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24-year old me was in 2nd year accounting articles with big dreams of nice houses and fancy cars by 30. Many people are under the (misguided) assumption that all Chartered Accountants (CA’s) are good with money. The challenge with CA’s is that a person is usually drawn to the profession because it provides financial security and money, money, money. No one chooses accounting in university to save the world, let's be honest now.

Some of these lessons are my own experiences and some are my fellow misguided CA’s.

1. Skip the flash

CA mistake number 1, the aspiration to have fancy houses and fancier cars. Not forgetting the leather designer handbag updated every season. As a recently qualified CA I had received a significant increase in salary (FYI article clerks are paid terribly), so I obviously wanted to trade up my 10-year-old Ford that had belonged to my grandmother. I decided to go with a VW Polo, my father-in-law high-fived my decision, citing when he first received a “decent” salary in his 30’s he went out and bought a BMW 3-series, as that’s what middle-class people did in the 1980’s. He loved his flashy car, but every month when the monstrous car repayment came off his account he wanted to cry.

A fellow CA fresh out of articles made the financial decision to buy a new Mercedes while still living at home with her parents, instead of investing the money she was saving while not paying rent. I know the media tells us to aspire to fancy things, but a Hyundai will get you to work just as efficiently as an Audi. Flashy large assets equals very very scary debt levels.

2. Swiping your credit card is only cool in the movies

Credit card interest is the highest interest rate there is (maybe a close second after dodgy loan sharks), going as high as 25%. DO NOT BUY on credit. Buying a house or car using bank financing is different (and the interest rate is much lower). If you do not have enough money in your bank account to go on a shopping spree at Canal Walk or Sandton City, stay at home, lock the door and binge watch series. Do not shop on credit, it’s not worth the cost. When I started accounting articles we were expected to miraculously have a presentable work wardrobe on a very small salary, it seemed impossible. But never fear, Investec is here.

CA’s in training were offered the prestigious Investec account and a credit card that came with an R20,000 credit limit. Can you guess how many CA's in training in their first year of articles had R20,000 credit card debt when earning R6,000 a month? Can you guess how long it takes to pay off R20,000 credit card debt when you earn R6,000 per month and are clearly already living beyond your means? Long. Do you know how much that costs? R4,000 a year (I guessed an interest rate of 20%, as Google couldn’t help me - banks don’t like to advertise what they are charging in interest). Gosh, a CA in training could have bought 2 more Country Road suits for that (remember this is 10 years ago)!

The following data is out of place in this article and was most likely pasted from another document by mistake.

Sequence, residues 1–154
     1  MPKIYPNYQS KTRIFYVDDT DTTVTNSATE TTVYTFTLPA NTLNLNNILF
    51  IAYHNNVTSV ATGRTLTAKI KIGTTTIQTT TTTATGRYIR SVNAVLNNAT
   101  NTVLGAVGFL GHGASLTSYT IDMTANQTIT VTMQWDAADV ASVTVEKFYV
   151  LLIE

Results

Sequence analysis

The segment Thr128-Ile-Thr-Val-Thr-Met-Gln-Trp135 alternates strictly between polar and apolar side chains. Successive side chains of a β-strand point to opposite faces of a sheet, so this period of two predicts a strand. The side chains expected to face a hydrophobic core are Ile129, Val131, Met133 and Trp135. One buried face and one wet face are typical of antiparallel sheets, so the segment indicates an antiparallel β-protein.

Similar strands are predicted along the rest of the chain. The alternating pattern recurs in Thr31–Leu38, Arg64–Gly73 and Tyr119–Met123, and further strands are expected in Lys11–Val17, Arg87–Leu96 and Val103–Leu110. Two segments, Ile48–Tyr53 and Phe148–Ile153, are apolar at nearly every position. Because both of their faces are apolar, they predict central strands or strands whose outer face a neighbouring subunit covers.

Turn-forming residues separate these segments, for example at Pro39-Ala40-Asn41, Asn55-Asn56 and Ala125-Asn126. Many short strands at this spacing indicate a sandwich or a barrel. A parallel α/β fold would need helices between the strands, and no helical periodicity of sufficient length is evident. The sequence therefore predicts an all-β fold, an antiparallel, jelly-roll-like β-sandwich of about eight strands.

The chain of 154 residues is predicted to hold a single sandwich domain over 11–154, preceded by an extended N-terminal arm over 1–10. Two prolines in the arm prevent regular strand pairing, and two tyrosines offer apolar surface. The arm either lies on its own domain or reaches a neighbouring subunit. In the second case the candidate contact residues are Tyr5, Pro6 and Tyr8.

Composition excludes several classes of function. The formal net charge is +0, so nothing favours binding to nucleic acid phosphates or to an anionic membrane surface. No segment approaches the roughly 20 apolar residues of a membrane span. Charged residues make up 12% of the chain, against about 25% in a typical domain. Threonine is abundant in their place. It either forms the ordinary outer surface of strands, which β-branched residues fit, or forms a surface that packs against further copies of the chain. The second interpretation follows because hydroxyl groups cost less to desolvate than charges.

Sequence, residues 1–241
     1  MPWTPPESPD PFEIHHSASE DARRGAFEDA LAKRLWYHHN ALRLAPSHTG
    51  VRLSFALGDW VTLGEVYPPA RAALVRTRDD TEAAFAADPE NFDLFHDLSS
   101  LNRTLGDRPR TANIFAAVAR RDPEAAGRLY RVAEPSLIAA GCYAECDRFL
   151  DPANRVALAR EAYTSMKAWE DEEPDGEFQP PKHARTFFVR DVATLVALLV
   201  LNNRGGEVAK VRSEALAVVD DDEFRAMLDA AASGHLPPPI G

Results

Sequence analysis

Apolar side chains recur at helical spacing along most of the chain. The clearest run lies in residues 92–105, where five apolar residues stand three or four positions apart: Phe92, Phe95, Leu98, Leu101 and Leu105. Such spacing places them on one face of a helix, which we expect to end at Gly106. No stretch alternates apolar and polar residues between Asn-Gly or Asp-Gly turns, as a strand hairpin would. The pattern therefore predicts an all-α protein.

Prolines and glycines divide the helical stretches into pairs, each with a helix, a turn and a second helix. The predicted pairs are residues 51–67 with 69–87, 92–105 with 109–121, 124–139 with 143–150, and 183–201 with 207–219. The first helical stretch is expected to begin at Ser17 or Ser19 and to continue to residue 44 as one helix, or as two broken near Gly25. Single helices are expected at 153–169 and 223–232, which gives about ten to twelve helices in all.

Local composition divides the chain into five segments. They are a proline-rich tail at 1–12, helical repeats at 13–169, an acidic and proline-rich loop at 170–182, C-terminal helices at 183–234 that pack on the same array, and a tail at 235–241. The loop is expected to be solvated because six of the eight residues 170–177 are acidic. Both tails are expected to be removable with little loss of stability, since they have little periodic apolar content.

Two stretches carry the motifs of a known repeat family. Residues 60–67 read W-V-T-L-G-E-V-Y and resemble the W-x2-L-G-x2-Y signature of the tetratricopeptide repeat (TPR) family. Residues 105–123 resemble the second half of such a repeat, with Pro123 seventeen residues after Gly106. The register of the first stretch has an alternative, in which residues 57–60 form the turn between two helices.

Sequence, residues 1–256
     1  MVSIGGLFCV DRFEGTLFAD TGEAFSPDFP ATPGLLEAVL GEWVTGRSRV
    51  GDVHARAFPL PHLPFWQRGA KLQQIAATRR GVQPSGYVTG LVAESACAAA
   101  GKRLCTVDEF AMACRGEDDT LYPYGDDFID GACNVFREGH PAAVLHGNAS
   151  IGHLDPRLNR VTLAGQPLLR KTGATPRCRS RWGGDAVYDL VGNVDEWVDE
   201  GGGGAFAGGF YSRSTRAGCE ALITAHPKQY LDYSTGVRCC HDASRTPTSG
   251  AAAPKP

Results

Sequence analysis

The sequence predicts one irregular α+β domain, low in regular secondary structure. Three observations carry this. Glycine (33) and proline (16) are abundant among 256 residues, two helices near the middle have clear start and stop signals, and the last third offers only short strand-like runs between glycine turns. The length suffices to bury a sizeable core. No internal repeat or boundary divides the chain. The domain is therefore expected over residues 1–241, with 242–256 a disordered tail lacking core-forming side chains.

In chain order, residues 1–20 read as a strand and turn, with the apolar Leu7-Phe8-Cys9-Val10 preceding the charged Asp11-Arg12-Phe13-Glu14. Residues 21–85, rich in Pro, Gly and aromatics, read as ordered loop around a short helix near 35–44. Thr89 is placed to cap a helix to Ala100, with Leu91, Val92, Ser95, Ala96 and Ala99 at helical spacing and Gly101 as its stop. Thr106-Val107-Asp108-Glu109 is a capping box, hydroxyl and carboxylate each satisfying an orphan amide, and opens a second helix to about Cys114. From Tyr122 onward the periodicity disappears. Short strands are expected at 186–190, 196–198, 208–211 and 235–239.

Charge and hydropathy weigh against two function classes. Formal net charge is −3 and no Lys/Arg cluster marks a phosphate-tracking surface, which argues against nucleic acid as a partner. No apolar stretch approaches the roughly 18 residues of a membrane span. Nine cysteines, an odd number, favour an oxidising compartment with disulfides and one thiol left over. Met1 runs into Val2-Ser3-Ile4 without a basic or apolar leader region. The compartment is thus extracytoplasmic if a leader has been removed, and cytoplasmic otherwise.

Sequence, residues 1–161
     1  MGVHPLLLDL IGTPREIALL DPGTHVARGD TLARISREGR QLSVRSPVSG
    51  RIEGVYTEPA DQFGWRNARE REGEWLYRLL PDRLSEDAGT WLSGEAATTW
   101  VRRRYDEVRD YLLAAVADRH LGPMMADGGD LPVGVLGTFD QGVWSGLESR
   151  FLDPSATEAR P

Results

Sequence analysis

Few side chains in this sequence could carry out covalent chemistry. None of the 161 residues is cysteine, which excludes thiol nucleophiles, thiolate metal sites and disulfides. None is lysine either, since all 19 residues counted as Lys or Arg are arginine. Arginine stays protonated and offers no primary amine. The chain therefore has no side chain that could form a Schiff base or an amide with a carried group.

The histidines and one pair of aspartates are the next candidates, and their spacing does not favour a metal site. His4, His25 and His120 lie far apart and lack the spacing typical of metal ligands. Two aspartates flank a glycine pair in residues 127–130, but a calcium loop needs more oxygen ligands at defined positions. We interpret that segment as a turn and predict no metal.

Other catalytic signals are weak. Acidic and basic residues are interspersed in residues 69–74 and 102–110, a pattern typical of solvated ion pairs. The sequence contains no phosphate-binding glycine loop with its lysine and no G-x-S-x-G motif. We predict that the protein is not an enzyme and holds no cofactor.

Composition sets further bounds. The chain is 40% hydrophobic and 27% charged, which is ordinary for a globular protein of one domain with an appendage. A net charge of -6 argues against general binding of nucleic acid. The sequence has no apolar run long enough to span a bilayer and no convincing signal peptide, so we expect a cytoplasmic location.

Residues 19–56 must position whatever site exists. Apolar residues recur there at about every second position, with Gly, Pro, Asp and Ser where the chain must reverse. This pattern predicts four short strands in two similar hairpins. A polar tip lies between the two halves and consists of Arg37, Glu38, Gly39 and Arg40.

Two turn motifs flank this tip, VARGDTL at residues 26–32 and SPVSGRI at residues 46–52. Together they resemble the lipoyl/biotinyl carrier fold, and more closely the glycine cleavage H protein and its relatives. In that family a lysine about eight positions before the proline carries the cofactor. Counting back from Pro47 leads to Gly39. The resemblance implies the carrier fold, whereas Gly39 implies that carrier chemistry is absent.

3. Property is the scariest thing you will ever buy

Looking for a house to buy is beyond many people due to high housing prices but when you do look for your first house, it is usually an educational experience. Firstly, what you would like is usually out of your price bracket. Secondly, you realise how little you know about the construction of houses (will this house fall down?). Thirdly it will be the biggest, longest loan you will ever apply for. Don’t forget all the hidden costs, transfer fees….surprise! Lawyers fees….surprise!

Something I only found out after buying our first house, you are effectively just paying interest for the first few years (unless you are paying a much larger than required installment). So be like some of my intelligent friends (unfortunately I didn’t get this lesson yet), get your salary paid into your bond account and then draw down a monthly allowance out of your bond (that should obviously be less than your salary, otherwise you are missing the point here!). In this way, you pay down your capital balance faster and reduce your interest in the long term. People who practice this kind of financial restraint pay off their bonds in their 30’s (screaming face emoji).

4. Consider alternatives for standard retirement saving

CA’s are risk-averse by nature (unless they’re making choices about swiping a credit card at Country Road). So when it came to making a decision about retirement savings I turned to the establishment and took out a Retirement Annuity. Because of the tax benefit, duh. Alas, my RA performed so terribly that the tax benefit did not outweigh its dismal performance. I switched my contributions to other investment options, such as an Index Fund (like you can find on Franc). If you have an RA, please review its performance against your tax benefit and assess if your retirement savings are better placed elsewhere. *I am not a financial advisor!

5. Know what you are spending money on

Most of my adult life I wasn’t really sure where my salary was going every month. I had an idea of what I had at the end of the month, the big things such as bond and car repayments, but the rest was a grey blur. Not until I actually started tracking my spending This was essential when I was retrenched and had to review my expenses to make savings, such as stopping dog insurance. No matter what your hairdresser tells you, dog insurance is not worth it!